In the coming year, batteries in the first wave of electric vehicles (EVs) will come to the end of their warranties.
Car manufacturers, working with universities and other partners, have been deploying out-of-warranty EV batteries for stationary storage projects, as batteries can still retain up to 80% of their storage capacity.
UL is developing a common set of requirements for evaluating and testing re-purposed EV batteries, for the so-called second-life EV battery market.
The requirements aim to reduce potential safety risks and provide the industry with standards to adhere to for testing former EV batteries.
A second-life EV battery market allows redeployment of lithium-ion and other EV batteries instead of disposing of them and can potentially reduce the cost of EVs if there is a viable market for out-of-warranty batteries.
Redeploying used EV batteries could also potentially halve the cost of stationary storage.
About 95GWh of lithium ion batteries are expected to come out of cars by 2025, compared with about 0.1GWh of used electric car batteries available today. Around 26GWh of this capacity will be converted to stationary energy storage systems, according to Bloomberg New Energy Finance.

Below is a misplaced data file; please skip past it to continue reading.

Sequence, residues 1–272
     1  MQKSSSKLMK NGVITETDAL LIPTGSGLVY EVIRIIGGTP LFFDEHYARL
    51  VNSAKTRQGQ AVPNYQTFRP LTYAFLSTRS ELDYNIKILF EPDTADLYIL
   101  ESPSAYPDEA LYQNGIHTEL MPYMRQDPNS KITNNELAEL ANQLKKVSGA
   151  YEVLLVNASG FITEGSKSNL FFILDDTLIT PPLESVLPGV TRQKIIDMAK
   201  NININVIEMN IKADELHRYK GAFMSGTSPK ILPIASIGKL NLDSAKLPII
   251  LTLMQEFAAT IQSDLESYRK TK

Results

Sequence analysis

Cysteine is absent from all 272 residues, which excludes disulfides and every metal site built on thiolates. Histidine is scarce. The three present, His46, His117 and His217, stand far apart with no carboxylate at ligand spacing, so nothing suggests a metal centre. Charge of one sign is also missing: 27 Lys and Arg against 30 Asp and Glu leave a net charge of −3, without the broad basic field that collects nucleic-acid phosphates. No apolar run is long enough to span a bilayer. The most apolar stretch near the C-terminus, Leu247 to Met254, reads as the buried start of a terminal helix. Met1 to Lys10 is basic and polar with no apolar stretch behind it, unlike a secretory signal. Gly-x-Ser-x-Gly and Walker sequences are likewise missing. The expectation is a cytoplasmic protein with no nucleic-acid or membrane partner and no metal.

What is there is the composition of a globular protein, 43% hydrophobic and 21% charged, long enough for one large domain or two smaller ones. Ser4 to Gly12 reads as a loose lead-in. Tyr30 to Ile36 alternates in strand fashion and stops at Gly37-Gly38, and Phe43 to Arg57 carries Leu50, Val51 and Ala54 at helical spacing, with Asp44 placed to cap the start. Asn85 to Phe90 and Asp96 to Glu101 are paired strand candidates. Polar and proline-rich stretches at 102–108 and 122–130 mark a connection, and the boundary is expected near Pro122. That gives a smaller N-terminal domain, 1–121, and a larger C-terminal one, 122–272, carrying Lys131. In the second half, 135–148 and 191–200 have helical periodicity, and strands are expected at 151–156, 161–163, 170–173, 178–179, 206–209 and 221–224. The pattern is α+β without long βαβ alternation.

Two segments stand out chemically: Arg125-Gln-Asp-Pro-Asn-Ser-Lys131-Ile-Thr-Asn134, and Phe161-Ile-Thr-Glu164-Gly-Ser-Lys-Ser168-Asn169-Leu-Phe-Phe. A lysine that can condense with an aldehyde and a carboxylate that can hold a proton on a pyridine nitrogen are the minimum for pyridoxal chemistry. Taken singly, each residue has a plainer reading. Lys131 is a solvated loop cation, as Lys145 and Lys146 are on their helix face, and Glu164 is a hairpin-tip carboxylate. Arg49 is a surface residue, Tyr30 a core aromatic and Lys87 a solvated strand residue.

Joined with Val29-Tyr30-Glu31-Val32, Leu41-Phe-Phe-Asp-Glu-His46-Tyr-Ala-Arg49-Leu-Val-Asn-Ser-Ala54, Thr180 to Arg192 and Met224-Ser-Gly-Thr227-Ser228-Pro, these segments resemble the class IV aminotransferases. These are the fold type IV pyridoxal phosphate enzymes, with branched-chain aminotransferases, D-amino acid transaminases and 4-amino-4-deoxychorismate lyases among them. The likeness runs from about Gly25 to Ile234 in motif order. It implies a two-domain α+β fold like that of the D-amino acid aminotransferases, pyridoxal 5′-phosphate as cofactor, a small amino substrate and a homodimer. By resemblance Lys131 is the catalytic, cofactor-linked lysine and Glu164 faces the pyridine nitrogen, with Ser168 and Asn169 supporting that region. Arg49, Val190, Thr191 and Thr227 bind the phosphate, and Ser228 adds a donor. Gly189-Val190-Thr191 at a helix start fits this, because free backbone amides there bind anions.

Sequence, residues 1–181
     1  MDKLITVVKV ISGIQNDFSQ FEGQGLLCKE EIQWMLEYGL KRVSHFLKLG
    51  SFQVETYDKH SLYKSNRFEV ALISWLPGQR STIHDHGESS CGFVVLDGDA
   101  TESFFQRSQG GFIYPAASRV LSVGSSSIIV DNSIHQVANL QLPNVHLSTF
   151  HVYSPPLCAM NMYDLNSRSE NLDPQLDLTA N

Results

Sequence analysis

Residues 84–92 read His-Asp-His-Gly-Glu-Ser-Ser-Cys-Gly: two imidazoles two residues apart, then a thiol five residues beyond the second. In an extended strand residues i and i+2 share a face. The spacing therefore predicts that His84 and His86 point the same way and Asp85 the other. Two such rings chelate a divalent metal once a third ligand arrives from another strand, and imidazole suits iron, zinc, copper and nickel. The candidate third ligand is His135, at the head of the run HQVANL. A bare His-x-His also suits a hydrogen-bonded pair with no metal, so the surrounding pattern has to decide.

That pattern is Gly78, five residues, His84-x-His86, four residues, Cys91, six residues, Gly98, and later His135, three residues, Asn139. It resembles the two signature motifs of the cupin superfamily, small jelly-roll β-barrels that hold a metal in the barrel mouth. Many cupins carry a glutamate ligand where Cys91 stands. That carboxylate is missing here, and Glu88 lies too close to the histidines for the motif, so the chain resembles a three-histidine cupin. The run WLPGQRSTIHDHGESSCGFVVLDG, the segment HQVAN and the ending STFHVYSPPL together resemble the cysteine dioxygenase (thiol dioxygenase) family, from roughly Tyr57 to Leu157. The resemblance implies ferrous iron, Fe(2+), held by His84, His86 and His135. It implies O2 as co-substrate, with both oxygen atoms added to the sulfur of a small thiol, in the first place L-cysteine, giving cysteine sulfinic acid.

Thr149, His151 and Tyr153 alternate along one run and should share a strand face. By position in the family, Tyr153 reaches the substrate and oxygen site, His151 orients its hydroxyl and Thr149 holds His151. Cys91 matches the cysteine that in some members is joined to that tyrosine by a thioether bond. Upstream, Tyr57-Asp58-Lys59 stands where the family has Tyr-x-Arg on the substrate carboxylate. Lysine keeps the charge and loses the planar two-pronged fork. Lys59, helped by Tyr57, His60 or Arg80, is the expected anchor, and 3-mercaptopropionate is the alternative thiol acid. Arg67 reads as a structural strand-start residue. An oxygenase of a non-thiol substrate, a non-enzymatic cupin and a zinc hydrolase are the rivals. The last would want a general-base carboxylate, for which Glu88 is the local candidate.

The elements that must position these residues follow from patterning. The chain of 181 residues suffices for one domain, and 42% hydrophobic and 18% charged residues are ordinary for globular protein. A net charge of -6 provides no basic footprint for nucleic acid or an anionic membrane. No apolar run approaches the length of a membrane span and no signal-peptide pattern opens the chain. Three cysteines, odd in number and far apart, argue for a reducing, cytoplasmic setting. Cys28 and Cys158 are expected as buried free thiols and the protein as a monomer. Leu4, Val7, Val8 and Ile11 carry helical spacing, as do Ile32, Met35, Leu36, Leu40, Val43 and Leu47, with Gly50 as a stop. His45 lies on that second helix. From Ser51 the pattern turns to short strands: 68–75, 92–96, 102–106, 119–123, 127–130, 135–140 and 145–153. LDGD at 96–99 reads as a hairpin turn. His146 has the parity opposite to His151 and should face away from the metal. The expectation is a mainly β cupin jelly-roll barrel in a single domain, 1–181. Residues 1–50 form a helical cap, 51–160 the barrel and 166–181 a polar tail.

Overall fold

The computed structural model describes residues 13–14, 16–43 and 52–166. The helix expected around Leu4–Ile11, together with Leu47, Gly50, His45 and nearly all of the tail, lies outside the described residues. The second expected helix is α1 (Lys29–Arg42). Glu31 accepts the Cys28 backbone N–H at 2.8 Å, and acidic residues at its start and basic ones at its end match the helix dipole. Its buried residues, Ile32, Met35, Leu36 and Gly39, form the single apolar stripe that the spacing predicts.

Until now, the industry has lacked a uniform set of standards governing how former EV batteries intended for stationary storage applications are tested.
UL expects its UL1974 standard to be ready by the first quarter of 2017. The standard sets out common requirements for the assessment of batteries intended for second life stationary storage applications, whether in a utility-scale storage systems, a microgrid or in behind-the-meter residential applications.
Some of the basic scientific principles will cut across all applications.
"There will be some common requirements regardless of the final end-use stationary storage application," said UL's principal engineer director for energy and power technologies, Ken Boyce.
"As the requirements are finalised, there is the opportunity to customise requirements to ensure that the process reflects the unique different usages and addresses the needs of the users in the varied applications," Boyce added.
UL has, in the past, developed safety standards for batteries and battery-powered equipment. This requires testing representative samples before they enter the marketplace and also providing regular surveillance of manufacturing at the production facilities.
Out-of-warranty EV batteries require a different procedure. The strategy UL is finalising will include both complete testing of representative samples to all test requirements, including destructive tests, and then comprehensive, non-destructive assessments of each repurposed battery.
"Some approaches test the battery at pack level, while other companies that are repurposing these batteries are going into the pack to test at the cell level, so our standards have to accommodate both of these main approaches," explained Boyce.
The company started writing the standard earlier in 2016. However the groundwork — involving collaborating with automotive companies, battery reclamation and reconditioning companies as well as utilities — has been occurring for several years.